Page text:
A little while ago Orbital ATK’s Cygnus spacecraft blasted off atop an Antares rocket from the Mid-Atlantic Regional Spaceport (MARS), part of NASA’s Wallops Flight Facility (WFF) on Wallops Island. After about nine minutes it successfully separated from the rocket’s last stage went en route to its destination. This is its eighth official mission, called Orbital-8 or simply Orb-8 but also CRS OA-8, to transport supplies to the International Space Station for NASA.
This Cygnus spacecraft was named “Gene Cernan” after the astronaut who passed away in January 2017. The advanced version of the Cygnus that came into service in December 2015 has now been widely tested so it can make the most of its higher capacity and its more advanced systems. For its previous refueling mission, Orbital ATK resorted to the Atlas V carrier rocket, this time it returned to its own Antares in the version introduced in October 2016.
The Cygnus spacecraft carries a total of 3,350 kg (7,385 lbs.) of cargo, including 1,243 kg (2,740 lbs.) of various types of supplies for the crew, 932 kg (2,055 lbs.) of hardware and the rest in equipment and various components. The cargo includes various CubeSat-class nanosatellites and experiments needed for some of the scientific research carried out on the International Space Station.
Among the experiments trasnported on the Cygnus there are several concerning biological and medical research such as the E. coli AntiMicrobial Satellite (EcAMSat), which aims to investigate the effects of microgravity on the bacterial antibiotic resistance of bacteria from the E. coli family responsible for urinary infections in various species, including humans.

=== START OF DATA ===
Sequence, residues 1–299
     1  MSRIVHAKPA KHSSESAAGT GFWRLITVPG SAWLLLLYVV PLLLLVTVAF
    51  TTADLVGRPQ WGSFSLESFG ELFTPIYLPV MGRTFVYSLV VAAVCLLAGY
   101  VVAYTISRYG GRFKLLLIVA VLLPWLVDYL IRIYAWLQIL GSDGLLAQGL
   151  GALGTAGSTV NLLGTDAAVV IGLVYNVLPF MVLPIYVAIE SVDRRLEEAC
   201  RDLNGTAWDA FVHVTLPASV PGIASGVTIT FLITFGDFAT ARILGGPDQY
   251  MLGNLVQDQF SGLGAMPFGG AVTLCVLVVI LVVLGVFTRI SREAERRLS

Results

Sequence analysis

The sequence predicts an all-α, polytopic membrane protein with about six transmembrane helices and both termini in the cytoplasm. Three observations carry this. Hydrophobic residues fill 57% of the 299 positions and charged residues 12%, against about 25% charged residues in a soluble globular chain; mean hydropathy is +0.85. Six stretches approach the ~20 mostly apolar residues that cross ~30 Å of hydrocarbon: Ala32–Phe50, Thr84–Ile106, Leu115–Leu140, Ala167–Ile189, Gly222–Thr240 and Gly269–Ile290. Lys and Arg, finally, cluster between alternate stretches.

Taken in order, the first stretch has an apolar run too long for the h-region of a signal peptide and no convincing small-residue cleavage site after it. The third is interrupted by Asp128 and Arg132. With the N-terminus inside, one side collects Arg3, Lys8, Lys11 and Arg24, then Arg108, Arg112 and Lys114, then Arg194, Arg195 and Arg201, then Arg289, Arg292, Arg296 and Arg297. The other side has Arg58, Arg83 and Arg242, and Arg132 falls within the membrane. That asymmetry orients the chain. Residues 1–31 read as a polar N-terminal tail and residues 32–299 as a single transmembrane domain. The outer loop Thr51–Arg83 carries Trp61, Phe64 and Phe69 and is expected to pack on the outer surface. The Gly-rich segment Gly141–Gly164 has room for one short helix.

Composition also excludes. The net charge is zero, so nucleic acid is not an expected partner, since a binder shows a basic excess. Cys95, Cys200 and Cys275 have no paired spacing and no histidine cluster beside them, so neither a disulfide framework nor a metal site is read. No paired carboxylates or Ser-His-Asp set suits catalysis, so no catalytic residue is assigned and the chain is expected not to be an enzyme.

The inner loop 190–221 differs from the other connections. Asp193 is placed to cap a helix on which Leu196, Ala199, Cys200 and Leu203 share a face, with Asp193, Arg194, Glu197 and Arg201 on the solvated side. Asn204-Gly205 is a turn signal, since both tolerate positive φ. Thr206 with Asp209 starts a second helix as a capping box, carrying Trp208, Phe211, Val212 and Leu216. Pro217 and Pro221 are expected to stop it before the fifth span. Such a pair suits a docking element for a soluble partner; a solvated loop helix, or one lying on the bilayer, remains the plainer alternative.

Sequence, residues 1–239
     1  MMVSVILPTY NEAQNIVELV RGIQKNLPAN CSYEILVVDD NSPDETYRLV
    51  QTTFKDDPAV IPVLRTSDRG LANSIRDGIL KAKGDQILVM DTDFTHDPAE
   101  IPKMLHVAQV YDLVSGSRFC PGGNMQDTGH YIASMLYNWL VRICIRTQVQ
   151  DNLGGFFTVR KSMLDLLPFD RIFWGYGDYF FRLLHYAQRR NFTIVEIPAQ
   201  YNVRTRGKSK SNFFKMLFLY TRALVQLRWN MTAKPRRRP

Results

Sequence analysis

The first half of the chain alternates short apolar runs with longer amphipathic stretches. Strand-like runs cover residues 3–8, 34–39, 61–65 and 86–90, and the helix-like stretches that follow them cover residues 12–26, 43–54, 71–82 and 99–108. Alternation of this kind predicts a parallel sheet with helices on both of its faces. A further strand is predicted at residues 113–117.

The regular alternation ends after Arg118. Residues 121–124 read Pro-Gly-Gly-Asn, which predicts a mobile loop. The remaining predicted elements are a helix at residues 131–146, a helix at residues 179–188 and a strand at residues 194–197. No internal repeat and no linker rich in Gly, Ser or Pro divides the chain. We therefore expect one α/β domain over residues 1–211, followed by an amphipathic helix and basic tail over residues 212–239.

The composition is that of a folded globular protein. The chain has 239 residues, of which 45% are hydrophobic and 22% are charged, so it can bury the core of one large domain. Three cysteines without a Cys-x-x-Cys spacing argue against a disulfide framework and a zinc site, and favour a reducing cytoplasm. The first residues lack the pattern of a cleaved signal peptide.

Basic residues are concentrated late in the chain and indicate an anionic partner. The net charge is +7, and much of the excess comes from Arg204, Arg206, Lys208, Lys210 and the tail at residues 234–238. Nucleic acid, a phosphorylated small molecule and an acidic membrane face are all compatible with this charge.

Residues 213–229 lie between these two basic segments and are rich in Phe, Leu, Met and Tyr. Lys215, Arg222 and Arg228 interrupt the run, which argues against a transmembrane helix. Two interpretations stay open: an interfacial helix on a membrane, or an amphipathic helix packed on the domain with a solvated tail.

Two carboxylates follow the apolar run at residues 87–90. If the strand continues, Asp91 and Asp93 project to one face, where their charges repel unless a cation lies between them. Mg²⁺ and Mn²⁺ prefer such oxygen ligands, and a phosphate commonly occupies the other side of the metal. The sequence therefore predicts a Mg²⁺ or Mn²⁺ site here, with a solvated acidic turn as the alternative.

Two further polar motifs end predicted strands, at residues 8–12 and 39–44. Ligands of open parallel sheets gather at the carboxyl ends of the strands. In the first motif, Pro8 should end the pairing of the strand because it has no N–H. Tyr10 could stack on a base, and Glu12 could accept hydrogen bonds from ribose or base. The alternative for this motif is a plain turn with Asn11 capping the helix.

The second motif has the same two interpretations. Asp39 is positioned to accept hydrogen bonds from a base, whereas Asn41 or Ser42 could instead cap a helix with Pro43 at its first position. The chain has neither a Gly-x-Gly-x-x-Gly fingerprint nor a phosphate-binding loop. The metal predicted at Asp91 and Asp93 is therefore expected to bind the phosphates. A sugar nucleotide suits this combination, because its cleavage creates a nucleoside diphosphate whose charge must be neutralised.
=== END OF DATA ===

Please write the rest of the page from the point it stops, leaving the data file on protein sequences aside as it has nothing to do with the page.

In recent years, NASA has been developing a laser communication system and some CubeSats were equipped with that kind of system as well within the Optical Communications and Sensor Demonstration (OCSD) project. They will be used to test this kind of communication on small satellites that need very compact systems. Another type of CubeSat that will be used to test communication systems, this time via radio through a reflectarray, is the Integrated Solar Array and Reflectarray Antenna (ISARA).
The Cygnus spacecraft is scheduled to reach the International Space Station next Tuesday to be captured by the Robot Arm Canadarm2 around 10:40 am UTC. If there’s no problem, the day after the arrival of the Cygnus the crew will open its hatch and begin its unloading.